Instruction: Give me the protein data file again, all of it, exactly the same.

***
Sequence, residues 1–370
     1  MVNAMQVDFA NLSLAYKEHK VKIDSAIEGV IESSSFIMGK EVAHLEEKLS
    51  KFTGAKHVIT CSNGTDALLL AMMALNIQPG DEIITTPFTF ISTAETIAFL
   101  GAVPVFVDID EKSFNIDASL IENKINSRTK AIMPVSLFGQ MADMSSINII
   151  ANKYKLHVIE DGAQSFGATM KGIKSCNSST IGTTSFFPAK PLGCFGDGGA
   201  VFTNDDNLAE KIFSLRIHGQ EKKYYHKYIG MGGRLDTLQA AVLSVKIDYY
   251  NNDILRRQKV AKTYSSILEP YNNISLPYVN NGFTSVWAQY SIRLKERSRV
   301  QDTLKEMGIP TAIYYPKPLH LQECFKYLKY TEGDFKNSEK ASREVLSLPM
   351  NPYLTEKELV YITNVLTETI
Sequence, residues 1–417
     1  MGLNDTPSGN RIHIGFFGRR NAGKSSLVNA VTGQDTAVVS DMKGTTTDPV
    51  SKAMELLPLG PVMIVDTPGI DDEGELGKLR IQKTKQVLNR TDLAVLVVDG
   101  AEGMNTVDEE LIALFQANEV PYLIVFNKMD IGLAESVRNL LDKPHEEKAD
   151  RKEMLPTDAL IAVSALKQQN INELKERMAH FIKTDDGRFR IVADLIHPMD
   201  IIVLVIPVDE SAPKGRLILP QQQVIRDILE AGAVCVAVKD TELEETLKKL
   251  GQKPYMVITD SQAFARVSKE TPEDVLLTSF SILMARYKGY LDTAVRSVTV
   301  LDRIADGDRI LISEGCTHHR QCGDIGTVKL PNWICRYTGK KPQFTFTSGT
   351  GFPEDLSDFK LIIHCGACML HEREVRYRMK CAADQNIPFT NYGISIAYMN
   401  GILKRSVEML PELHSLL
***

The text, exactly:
Sequence, residues 1–370
     1  MVNAMQVDFA NLSLAYKEHK VKIDSAIEGV IESSSFIMGK EVAHLEEKLS
    51  KFTGAKHVIT CSNGTDALLL AMMALNIQPG DEIITTPFTF ISTAETIAFL
   101  GAVPVFVDID EKSFNIDASL IENKINSRTK AIMPVSLFGQ MADMSSINII
   151  ANKYKLHVIE DGAQSFGATM KGIKSCNSST IGTTSFFPAK PLGCFGDGGA
   201  VFTNDDNLAE KIFSLRIHGQ EKKYYHKYIG MGGRLDTLQA AVLSVKIDYY
   251  NNDILRRQKV AKTYSSILEP YNNISLPYVN NGFTSVWAQY SIRLKERSRV
   301  QDTLKEMGIP TAIYYPKPLH LQECFKYLKY TEGDFKNSEK ASREVLSLPM
   351  NPYLTEKELV YITNVLTETI
Sequence, residues 1–417
     1  MGLNDTPSGN RIHIGFFGRR NAGKSSLVNA VTGQDTAVVS DMKGTTTDPV
    51  SKAMELLPLG PVMIVDTPGI DDEGELGKLR IQKTKQVLNR TDLAVLVVDG
   101  AEGMNTVDEE LIALFQANEV PYLIVFNKMD IGLAESVRNL LDKPHEEKAD
   151  RKEMLPTDAL IAVSALKQQN INELKERMAH FIKTDDGRFR IVADLIHPMD
   201  IIVLVIPVDE SAPKGRLILP QQQVIRDILE AGAVCVAVKD TELEETLKKL
   251  GQKPYMVITD SQAFARVSKE TPEDVLLTSF SILMARYKGY LDTAVRSVTV
   301  LDRIADGDRI LISEGCTHHR QCGDIGTVKL PNWICRYTGK KPQFTFTSGT
   351  GFPEDLSDFK LIIHCGACML HEREVRYRMK CAADQNIPFT NYGISIAYMN
   401  GILKRSVEML PELHSLL